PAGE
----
With this year’s flu season nearing epidemic levels — it’s widespread in 43 states, according to the Centers for Disease Control and Prevention (CDC) — prevention (and preparation) is certainly your best medicine.
Fortunately, there is no shortage of apps and websites that can help. Flu tracking is a popular subject, and ever since Google Flu Trends launched in 2008, it seems everyone wants to know how prevalent flu is — not just in their state and in their city, but in their neighborhood and even their office building. (Facebook can even help you figure out which of your friends might have given you the flu but tracking members’ posts about the illness and its symptoms.)
And while none are perfect, there are a few good ones.
The CDC’s FluView:
It gathers data from clinics, urgent care centers, doctor’s offices and hospitals and reports the number of people coming in with flu-like symptoms — fever, cough, sore throats, muscle aches — and people who test positive for the bug. It offers a good snapshot but it has some shortcomings. Because it logs symptoms in addition to diagnosed cases, there’s a chance that some of the fever and respiratory problems could be something else entirely. It also doesn’t record the countless people who likely just decide to weather out their illness at home with over-the-counter remedies or some chicken soup. There’s also a lag in the reporting, which means FluView can’t provide a real-time look at what the virus is doing at a given time.
The CDC has an epidemiologist studying alternative ways of collecting flu information, including crowdsourcing, to see if the CDC can provide more real time data. “There is potential there,” says Lynnette Brammer, an epidemiologist in the influenza division at CDC. “But with any data set you’ve got to know how to appropriately interpret that data and when you might be over reaching.”
This app is more granular, portraying in real time the actual level of flu activity in a given area. It can pinpoint your location down to the street and give you a low-moderate-high reading on flu activity. It’s based on self reports from people who register on the app and voluntarily provide information on their sniffle status on a weekly basis. Blue dots indicate people who are still symptom-free, while yellow dots indicate people who might have some of the symptoms of flu — including fever, coughs, or sore throats — and red dots represent people who meet the CDC criteria for influenza-like illness: fever over 100F and a cough or sore throat that’s not caused by any other known infection.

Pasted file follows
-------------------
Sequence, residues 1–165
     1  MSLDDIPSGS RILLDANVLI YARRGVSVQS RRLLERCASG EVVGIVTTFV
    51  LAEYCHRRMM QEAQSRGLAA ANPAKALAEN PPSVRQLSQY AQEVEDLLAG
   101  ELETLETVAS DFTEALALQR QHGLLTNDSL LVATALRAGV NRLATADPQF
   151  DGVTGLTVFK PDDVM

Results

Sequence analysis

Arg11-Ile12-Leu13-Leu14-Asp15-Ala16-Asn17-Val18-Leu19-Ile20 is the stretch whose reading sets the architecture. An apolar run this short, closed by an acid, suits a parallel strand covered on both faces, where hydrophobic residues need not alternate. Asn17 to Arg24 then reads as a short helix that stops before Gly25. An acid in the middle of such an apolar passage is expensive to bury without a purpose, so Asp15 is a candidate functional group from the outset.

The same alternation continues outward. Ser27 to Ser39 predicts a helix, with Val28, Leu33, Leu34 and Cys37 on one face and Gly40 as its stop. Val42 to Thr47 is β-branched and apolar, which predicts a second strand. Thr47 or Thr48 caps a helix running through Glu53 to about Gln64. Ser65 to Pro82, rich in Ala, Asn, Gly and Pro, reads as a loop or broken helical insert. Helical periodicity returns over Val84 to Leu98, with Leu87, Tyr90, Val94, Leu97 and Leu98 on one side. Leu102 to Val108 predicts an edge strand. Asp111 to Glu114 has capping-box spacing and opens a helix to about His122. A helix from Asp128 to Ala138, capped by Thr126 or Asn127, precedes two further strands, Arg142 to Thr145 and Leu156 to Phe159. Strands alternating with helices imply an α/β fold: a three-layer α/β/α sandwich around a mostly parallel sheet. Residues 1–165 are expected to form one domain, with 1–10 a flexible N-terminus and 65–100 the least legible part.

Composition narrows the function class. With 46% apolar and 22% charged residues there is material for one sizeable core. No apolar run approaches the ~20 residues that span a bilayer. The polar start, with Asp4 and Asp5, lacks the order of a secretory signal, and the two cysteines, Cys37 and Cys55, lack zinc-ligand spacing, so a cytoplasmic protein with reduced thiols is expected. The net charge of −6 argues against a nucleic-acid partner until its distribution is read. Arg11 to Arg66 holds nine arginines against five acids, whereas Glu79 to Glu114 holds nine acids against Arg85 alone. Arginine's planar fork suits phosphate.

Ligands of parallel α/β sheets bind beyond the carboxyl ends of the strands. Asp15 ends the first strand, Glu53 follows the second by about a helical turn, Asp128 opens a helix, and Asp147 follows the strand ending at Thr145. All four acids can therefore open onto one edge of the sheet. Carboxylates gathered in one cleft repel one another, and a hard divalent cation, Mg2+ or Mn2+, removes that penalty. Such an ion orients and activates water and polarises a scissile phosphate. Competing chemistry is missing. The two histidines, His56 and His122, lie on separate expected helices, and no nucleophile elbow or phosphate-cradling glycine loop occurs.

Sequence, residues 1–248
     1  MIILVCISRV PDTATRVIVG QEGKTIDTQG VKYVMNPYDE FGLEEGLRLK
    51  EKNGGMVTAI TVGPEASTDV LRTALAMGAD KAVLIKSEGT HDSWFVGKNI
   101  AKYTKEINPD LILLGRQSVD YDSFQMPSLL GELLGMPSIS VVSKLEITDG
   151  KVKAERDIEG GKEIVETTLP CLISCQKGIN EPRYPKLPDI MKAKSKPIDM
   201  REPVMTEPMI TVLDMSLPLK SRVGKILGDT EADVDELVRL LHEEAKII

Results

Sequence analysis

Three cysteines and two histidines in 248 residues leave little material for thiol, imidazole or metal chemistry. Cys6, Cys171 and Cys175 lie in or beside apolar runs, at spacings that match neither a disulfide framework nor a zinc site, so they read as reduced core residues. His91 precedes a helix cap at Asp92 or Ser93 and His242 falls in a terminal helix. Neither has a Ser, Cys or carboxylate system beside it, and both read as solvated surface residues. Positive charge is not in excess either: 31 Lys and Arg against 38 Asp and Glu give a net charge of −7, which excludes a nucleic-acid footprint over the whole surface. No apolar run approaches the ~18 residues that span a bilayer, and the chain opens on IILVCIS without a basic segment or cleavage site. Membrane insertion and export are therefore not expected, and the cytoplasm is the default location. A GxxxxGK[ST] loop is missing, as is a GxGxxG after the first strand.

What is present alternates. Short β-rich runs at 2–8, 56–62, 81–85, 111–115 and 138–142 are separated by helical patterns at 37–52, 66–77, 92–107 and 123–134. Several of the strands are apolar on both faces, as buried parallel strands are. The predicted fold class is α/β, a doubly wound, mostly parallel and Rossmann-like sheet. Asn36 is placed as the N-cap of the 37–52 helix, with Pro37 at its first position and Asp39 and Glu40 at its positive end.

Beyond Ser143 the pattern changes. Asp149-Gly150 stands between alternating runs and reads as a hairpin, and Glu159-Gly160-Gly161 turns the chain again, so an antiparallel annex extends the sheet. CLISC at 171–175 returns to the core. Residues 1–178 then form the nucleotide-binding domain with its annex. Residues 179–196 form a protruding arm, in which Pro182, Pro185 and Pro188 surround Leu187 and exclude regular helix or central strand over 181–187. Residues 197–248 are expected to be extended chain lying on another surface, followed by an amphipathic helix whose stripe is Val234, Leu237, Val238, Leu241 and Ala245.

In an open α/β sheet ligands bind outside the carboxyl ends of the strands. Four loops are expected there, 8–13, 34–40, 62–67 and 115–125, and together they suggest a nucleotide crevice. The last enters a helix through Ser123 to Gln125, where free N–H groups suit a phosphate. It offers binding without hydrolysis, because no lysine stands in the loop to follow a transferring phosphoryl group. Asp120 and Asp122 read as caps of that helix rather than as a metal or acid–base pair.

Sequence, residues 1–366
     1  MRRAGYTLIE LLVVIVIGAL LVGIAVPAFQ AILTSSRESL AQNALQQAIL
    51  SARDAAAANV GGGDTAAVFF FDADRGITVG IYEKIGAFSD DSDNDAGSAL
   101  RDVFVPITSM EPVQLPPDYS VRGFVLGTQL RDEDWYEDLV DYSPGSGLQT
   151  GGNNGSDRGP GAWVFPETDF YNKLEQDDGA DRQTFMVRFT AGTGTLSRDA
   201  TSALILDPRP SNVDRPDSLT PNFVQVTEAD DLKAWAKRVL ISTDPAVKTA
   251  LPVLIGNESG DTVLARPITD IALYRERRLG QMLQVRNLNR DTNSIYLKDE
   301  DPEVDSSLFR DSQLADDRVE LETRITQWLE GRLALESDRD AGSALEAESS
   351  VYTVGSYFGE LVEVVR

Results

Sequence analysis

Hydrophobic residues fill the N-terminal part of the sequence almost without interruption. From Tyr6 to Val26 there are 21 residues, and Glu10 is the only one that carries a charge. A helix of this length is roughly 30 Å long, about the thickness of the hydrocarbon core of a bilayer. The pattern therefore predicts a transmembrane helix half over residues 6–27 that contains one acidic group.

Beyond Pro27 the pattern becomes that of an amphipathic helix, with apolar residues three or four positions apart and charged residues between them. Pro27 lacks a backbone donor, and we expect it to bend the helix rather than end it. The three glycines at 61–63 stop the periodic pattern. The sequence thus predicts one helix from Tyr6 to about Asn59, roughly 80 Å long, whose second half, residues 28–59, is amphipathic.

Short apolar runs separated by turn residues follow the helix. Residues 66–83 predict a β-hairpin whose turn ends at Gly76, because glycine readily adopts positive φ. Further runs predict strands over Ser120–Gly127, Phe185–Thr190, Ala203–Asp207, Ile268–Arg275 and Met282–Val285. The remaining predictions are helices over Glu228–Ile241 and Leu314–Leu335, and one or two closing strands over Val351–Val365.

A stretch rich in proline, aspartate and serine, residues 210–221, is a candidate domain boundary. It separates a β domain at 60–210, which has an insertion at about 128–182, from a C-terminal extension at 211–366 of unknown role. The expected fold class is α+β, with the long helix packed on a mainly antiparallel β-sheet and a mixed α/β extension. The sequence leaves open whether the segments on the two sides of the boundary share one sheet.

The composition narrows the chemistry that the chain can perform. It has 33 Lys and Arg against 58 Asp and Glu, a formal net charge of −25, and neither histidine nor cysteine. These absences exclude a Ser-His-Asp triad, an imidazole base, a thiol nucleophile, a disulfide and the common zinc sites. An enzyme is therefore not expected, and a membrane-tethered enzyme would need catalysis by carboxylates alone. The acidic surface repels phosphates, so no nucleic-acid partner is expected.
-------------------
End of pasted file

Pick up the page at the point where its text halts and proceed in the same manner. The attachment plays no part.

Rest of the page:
Self-reporting may not provide an entirely accurate picture either, however. To address such confounding factors, Flu Near Your deletes the first two reports by newcomers, to reduce the possibility that new users are just playing around with the app, but there’s still no way to verify the symptoms that people log in. But so far, Mark Smolinski, director of global health for Skoll Foundation Global Health Threats, which created the app, is confident that the reports are valid, since they track pretty well with the CDC data.
Alexis de Belloy, who pores over the Flu Near You data, says that registration for the app is up 40% compared to last year, and the proportion of them who actively respond to the weekly surveys is also up; the more participants, the stronger and more reliable the signal generated by the users.
Jeffrey Shaman, professor of at the Mailman School of Public Health at Columbia University, decided to combine a bit of both the CDC and real-time strategies into his flu forecaster, which he launched last year. You can select your city and receive a chart of when flu is likely to peak where you live. It’s based on the same predictive modeling that weather forecasters use — combining information from past flu seasons and current trends to make educated guesses about the ebb and flow of cases in the future. “There are problems with all data, so I don’t think any data should be used in isolation,” he says. “We should consider them all until we have that gold standard.”
And it’s not just an academic exercise. Smolinski points out that critical public health information can be gleaned from flu tracking and forecasting, such as how effective a particular flu season’s vaccine is. By comparing rates of illness among people who have been vaccinated and those who haven’t, doctors can get a good sense of whether the shot is a good match for circulating flu strains or not. It can also help doctors, hospitals and pharmacies to make informed decisions about stocking flu remedies like Tamiflu so everyone who needs them will have access to them.
In Australia, crowd-based online surveillance is becoming the country’s go-to resource on flu tracking. Their system, FluTracking.net, asks participants about whether they have had a fever or cough every week during the flu season; since the program began in 2006, more than 16,000 people now complete the survey regularly. In Europe, 10 countries participate in Influenzanet, an online flu tracking system that also relies on volunteers to report on their symptoms weekly.
“It’s what’s coming down the pike, and what’s going to be in our future,” says Shaman of the real time information from the public. “We already get pollution levels and the pollen count. Why not have a real time flu forecast?”